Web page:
I’m not going to tell you that living in Rexburg was the best time of my life. I met some amazing friends there and grew in a lot of ways, but I was not happy. I grew up in a small town in Kentucky, thinking that the thing that made me different was my Mormon faith. When I first experienced a town full of Mormons, I realized that wasn’t it at all. I was just different. There was also a strange dynamic there – the whole town was divided into a very strong, very literalistic and conservative Mormon majority, and then a minority backlash of people that couldn’t stand Mormonism or anything it stood for. I wasn’t either of those things, so I never did feel like I fully fit in there. I am pretty sure most of my friends at the time felt a great deal of what could only be called pity for me, especially as the Fall of 2002 ended. I should be surprised that this was 10 years ago, but in all reality it seems like so much longer ago than that. I guess I’ve come a long way since then.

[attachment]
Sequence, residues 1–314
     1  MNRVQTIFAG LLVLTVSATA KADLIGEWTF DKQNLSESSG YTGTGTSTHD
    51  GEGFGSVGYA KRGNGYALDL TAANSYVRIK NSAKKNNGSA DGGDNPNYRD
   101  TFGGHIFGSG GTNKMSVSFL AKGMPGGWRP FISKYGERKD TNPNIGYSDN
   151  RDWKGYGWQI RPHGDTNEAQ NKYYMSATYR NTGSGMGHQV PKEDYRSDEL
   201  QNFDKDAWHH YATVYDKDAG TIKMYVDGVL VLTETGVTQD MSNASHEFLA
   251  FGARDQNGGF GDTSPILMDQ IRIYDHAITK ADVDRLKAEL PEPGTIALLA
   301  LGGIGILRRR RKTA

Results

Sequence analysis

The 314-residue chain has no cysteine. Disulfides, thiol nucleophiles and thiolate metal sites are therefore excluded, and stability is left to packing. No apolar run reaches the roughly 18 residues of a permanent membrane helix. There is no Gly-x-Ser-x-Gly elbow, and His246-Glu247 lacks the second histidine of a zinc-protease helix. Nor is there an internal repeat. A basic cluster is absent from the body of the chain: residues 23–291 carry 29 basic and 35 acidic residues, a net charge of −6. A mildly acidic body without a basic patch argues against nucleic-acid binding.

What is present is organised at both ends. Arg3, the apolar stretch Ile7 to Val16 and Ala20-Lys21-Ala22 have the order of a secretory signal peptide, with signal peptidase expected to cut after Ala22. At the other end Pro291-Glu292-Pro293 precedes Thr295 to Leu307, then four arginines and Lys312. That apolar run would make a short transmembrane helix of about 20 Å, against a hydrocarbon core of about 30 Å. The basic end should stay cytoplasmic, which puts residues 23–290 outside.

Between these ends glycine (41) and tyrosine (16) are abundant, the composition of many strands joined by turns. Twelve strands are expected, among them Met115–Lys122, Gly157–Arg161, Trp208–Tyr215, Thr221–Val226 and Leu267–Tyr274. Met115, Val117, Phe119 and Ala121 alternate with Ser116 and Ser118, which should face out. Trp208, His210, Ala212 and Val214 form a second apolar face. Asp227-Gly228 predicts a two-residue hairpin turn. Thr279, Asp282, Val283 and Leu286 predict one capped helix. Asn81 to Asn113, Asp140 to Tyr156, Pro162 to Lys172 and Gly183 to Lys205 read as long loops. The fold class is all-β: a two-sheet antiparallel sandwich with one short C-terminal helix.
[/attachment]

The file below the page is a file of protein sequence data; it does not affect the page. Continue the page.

Along with all that emotional tension comes musical inspiration, and I found quite a bit of it in Rexburg. I hadn’t really fully developed my songwriting at that time, and because I felt emotionally depressed and socially inept, I think my songs lacked the power they could have had if I were a more mature person, emotionally and musically. When I got off my mission, I really listened to Elliott Smith for the first time, and realized that he was actually performing the music I was trying to write in Rexburg, but lacked the ability to pull off. Hearing those songs now would probably be nostalgic but painful for me, though I do find some solace in the fact that there were some amazing musicians in Rexburg who appreciated my music.